Danica Page

Up nest is Adeline Street by Carol Lynch Williams, author of The Chosen One. I loved that novel and have high expectations for this upcoming novel.

Saturday, September 24, 2011

Book Review: Once was Lost by Sara Zarr

Once Was Lost
Average rating: 3.70
Pages: 217 pages
Awards: INSPY For Young Adult Fiction (2010)
Okay before I go to my thoughts. Here is the summary available on goodreads.

Samara Taylor used to believe in miracles. She used to believe in a lot of things. As a pastor's kid, it's hard not to buy in to the idea of the perfect family, a loving God, and amazing grace. But lately, Sam has a lot of reason to doubt. Her mother lands in rehab after a DUI and her father seems more interested in his congregation than his family. When a young girl in her small town is kidnapped, the local tragedy overlaps with Sam's personal one, and the already-worn thread of faith holding her together begins to unravel.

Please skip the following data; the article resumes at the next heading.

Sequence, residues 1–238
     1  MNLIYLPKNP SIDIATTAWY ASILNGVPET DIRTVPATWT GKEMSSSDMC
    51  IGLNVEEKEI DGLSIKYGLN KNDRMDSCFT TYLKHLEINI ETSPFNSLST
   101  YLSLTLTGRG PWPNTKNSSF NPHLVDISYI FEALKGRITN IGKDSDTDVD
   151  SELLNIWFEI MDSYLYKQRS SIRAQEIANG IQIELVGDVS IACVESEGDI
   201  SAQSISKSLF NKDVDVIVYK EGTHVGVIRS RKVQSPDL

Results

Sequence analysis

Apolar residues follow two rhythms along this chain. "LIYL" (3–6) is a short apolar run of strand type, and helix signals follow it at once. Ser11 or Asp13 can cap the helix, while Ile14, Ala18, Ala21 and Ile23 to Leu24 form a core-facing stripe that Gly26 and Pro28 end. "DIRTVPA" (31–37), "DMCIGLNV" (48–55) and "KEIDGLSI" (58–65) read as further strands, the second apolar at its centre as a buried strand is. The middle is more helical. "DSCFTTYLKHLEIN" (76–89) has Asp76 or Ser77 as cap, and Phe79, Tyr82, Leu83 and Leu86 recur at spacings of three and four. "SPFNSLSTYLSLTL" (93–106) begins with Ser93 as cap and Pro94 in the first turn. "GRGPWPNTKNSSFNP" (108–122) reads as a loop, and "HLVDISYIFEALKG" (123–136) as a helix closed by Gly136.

In her third novel, acclaimed author Sara Zarr examines the coexistence of affliction and hope, and what happens when everything you thought you believed—-about God, about your family, about yourself—-is transformed.
My rating: 4 out of 5 stars.

My overall thoughts/impressions:

This book is heart-wrenchingly beautiful. I love Sara Zarr’s writing style, characters, and overall thematic elements of her stories. This novel was different that Story of a Girl in a lot of ways. I’m not going to try to compare them. They were both beautiful in different ways.
Sara’s novel is touching, thought-provoking, and above all a good read. I loved reading this book that touches upon the concept of the ‘perfect family.’ Nobody has a perfect family. This book touches upon truths that we all know, but often need to be reminded of.
Sara’s novel follows the story of Sam, the pastor’s daughter. Her mom is in rehab, her dad seems to have time to care for everybody but her, and then a girl is kidnapped from her hometown. Everything around her seems to be falling apart and Sam is having a hard time dealing with it all. She doesn’t know if she believes in miracles anymore. This novel like many other good novels transcends the line of fiction and reality in a way that makes readers place themselves in Sam’s shoes throughout her story.
Some Memorable Quotes/lines: (I chose ones that I like and ones I thought wouldn’t give away the story.)